David Abbott, SONOMA WEST TIMES
A massive winery proposed by a Napa County winemaker near the crossroads of Highway 12 and Llano Road east of Sebastopol will now be subject to a full environmental review, but opponents of the project are still pulling out all the stops in hopes of stopping it.
The applicant, Joe Wagner, a second-generation vintner from the Caymus winemaking family, agreed to a full environmental impact report (EIR) early this month for his Dairyman project after receiving significant backlash from the community.
Opposition to the proposed winery and event center that envisions 500,000 cases of wine production a year, 250,000 gallons of distilled spirits, as well as about 60 events a year and wine tasting, became official at a Feb. 4 Sebastopol city council meeting.
Although the 68-acre property is outside of Sebastopol’s jurisdiction, council voiced opposition to the project and solidarity with members of the public that showed up in force once the winery application became public in late January.“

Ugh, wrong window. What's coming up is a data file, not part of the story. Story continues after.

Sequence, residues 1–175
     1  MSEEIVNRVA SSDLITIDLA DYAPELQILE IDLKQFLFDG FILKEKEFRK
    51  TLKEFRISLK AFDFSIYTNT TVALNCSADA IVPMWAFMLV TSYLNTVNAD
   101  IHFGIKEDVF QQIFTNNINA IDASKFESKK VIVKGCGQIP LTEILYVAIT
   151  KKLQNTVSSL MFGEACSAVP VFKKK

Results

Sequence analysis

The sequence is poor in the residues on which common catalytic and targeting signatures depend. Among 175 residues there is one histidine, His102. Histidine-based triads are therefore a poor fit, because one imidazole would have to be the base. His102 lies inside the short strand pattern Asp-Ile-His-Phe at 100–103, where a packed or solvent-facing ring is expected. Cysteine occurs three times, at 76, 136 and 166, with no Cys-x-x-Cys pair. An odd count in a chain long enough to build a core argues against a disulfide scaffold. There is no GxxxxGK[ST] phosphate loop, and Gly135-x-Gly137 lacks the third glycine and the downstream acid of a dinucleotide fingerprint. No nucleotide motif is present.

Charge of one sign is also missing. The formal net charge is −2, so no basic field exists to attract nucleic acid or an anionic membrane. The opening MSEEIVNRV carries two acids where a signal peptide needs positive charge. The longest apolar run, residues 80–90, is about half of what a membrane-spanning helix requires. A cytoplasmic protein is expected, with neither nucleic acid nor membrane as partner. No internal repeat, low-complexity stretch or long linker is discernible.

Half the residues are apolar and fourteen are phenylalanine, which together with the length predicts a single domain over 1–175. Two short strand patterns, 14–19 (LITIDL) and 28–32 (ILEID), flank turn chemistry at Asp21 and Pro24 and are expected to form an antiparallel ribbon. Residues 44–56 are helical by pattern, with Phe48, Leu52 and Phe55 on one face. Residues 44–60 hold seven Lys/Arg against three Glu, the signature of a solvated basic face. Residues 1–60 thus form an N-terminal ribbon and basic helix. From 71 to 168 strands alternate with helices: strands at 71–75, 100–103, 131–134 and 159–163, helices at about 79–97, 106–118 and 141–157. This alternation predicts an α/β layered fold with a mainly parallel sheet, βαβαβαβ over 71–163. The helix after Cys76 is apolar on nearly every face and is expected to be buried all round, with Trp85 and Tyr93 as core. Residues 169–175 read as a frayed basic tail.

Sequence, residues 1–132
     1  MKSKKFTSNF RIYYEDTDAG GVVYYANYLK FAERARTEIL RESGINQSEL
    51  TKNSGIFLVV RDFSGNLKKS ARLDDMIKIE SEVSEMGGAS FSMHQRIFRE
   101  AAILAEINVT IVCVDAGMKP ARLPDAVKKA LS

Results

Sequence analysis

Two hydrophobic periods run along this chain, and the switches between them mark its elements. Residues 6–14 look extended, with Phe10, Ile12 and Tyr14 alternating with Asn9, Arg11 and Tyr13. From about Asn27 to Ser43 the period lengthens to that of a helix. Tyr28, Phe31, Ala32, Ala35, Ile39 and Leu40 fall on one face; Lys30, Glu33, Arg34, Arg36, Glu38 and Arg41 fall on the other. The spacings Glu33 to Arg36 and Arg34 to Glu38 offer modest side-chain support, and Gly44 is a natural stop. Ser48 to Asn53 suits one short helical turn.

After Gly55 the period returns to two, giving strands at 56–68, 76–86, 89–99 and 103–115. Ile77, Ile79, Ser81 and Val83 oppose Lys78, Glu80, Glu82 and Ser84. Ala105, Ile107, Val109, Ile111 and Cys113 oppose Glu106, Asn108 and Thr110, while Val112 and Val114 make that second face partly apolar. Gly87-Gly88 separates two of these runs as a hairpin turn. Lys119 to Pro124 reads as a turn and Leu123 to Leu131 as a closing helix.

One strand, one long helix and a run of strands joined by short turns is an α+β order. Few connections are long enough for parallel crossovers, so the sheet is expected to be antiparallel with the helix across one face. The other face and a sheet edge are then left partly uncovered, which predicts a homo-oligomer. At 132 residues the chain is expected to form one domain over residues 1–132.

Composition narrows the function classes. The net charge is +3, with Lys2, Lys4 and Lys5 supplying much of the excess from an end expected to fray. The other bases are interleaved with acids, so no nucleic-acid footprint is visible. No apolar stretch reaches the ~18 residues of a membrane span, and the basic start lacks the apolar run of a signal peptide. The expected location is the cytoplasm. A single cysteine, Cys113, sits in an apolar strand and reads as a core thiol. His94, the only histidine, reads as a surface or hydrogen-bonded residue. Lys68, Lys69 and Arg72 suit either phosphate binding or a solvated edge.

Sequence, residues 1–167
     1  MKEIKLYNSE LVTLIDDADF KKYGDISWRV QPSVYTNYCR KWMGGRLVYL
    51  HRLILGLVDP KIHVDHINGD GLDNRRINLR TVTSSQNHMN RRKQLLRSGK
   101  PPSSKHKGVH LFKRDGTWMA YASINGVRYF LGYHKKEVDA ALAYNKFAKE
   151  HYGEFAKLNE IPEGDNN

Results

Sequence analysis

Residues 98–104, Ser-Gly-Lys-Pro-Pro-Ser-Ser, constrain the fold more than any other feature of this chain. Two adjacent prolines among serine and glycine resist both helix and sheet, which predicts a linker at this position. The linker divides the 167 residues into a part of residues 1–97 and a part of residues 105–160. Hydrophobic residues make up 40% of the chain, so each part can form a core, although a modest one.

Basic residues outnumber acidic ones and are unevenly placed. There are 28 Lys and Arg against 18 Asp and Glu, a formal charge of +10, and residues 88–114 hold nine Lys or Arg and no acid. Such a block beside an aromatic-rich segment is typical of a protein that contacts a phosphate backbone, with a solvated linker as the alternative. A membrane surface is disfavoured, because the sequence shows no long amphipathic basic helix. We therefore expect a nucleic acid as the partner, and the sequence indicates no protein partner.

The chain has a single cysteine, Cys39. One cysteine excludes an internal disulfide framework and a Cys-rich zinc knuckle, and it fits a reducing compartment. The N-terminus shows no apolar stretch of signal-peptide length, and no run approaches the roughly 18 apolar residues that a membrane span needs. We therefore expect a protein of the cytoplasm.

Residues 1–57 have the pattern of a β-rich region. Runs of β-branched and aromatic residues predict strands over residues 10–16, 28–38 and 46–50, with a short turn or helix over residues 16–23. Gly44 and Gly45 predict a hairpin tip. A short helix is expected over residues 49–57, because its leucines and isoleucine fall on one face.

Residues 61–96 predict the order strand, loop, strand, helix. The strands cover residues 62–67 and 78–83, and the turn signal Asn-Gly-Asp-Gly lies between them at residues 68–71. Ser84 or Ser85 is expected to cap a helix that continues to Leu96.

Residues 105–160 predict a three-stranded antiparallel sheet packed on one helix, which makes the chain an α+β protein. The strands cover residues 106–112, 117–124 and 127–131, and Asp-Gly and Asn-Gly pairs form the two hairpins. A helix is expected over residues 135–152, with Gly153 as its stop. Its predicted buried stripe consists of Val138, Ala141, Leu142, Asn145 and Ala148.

After (the council meeting), we met with a number of people and decided we needed to mobilize,” Ruben Weinzeg said.
To that end, Weinzeg joined a group spearheading the creation of Neighbors to Preserve Rural Sonoma County (PRSC), which is working in partnership with the Rural Alliance, a local grassroots organization “working to preserve the natural resources and rural character of Sonoma County.”
PRSC believes it has discovered a technicality that could throw a wrench in the works, as the winery will need to get an easement to cross the Joe Rodota Trail for access to the property.
The groups are encouraging the Sonoma County Parks and Recreation Department to deny the easement, citing precedence when the county denied an easement to Santa Rosa Junior College for a 20-acre parcel on Highway 116 to the north of Sebastopol that abuts the JRT.
That property now belongs to Sebastopol Independent Charter School, which is in talks with the county Regional Parks Department.But the Dairyman process is still in its infancy, as the EIR will take at least a year and has not even officially begun as yet.
Read more via: Winery proposal faces challenges from community – Sonoma West Times and News: News
Shepherd Bliss, SONOMA COUNTY GAZETTE
Residents from throughout Sonoma County are meeting to strategize about challenging recent proposals for new and expanded wineries as event centers in rural areas. Meanwhile, the Napa County Board of Supervisors has scheduled a March 10 meeting to hear critics of winery over-development.